Dragon’s Dogma: Dark Arisen Review

by Mike Guarino

When Dragon’s Dogma released for the PlayStation 3 and Xbox 360 back in 2012 it introduced RPG gamers to a fantastic Tolkien-esque fantasy world sprawling with humongous mythical beasts to thwart and various dungeons, fortresses and towns to explore. This admittedly standard RPG framework was enhanced by the game’s ingenious Pawn system, which allows you to enlist allies created by the game or other players online to accompany you on your adventures. The game’s character customization was very deep, resulting in a wide variety of Pawns for you to enlist in your group for you to tinker around with to regularly shake up the already stellar combat.

The very next year saw the release of Dragon’s Dogma: Dark Arisen, an expansion upon the original game that tweaked some of the gameplay while also adding a big new area called Bitterblack Isle. This is essentially one big challenge dungeon, as you and your team are tasked with fighting deeper and deeper into the area to encounter increasingly difficult foes. It’s a great addition to the game as the vast majority of the monsters inside are not found in the main game and the difficulty is so high that it will give even veterans of the base game a run for their money.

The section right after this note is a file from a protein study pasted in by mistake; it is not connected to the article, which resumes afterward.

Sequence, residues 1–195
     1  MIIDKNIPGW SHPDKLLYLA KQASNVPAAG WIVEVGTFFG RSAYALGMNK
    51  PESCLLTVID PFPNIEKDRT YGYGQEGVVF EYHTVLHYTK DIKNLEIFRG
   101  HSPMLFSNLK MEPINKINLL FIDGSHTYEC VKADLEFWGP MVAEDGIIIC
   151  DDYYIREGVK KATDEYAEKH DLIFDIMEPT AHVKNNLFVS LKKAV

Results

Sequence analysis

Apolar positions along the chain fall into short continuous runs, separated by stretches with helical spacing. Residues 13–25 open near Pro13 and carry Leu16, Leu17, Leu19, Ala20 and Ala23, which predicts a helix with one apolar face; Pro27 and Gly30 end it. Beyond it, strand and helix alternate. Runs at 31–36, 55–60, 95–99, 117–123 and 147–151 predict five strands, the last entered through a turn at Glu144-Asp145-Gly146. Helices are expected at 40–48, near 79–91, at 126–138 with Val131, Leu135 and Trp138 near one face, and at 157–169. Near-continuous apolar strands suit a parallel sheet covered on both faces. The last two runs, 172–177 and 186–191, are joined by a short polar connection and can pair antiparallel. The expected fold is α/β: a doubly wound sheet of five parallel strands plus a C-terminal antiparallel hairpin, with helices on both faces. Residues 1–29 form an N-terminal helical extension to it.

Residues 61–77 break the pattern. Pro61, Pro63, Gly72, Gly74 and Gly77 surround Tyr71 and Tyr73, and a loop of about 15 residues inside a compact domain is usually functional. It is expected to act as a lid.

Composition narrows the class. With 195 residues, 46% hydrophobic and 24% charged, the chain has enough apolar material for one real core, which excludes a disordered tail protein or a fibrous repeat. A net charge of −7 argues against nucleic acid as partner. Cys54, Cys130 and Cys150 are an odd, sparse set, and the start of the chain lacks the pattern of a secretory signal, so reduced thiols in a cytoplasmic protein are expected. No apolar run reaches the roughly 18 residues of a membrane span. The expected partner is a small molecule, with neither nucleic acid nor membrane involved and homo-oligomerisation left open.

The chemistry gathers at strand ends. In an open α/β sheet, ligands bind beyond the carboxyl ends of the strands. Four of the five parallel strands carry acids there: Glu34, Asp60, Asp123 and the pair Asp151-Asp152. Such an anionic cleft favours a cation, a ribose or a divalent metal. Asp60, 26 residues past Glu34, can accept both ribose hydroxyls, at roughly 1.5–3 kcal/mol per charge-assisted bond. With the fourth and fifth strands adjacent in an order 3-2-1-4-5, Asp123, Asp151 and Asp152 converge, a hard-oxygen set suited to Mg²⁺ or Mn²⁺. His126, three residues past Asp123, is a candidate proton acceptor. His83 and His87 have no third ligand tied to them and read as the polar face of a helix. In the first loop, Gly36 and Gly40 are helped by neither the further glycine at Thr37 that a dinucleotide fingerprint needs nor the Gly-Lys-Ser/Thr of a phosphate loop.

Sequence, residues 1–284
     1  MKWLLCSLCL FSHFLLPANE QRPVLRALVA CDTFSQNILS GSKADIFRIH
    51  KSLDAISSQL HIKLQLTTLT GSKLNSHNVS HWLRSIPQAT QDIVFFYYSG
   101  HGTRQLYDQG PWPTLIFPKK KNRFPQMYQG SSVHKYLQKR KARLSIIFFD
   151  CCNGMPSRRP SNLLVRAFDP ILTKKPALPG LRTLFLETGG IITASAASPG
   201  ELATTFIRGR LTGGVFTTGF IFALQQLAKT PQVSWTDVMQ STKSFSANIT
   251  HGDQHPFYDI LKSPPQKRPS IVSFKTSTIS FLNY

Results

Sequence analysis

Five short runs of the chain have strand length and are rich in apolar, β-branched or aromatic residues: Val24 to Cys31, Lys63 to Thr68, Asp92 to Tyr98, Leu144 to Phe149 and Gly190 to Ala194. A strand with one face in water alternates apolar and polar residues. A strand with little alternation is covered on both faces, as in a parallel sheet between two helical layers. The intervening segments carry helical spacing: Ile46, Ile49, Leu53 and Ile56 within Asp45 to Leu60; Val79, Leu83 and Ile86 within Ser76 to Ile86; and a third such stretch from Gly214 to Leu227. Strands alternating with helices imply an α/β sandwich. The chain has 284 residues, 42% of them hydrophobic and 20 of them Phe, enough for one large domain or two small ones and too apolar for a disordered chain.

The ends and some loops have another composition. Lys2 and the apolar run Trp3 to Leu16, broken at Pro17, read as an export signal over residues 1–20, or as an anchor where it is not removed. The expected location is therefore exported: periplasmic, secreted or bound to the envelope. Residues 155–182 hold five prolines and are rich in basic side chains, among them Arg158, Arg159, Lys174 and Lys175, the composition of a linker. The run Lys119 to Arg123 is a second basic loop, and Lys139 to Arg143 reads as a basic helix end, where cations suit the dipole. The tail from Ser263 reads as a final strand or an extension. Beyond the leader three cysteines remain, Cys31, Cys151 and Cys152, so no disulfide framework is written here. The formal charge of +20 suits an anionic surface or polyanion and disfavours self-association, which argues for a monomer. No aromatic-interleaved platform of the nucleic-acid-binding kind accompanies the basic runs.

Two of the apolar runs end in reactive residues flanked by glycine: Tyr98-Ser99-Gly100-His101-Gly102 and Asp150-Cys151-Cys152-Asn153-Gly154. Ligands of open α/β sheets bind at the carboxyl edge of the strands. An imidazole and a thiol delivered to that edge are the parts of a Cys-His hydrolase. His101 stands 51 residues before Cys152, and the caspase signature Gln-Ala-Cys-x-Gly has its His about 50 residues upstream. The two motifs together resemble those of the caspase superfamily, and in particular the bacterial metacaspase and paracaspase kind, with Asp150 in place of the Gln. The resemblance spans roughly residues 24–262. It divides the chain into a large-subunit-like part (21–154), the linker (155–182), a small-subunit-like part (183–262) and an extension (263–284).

However, it’s been a few years since Dark Arisen released for PlayStation 3 and Xbox 360 and the lack of updates regarding a sequel lead many to believe that the series was done for good. Then comes in Dragon’s Dogma: Dark Arisen for PC, an update on the already updated Dark Arisen for consoles that offers all of the previous content along with increased draw distances and uncompressed textures. If you’ve yet to experience the series then the PC version is definitely the way to go as it runs very smoothly, but how does the game itself hold up these days? Very well!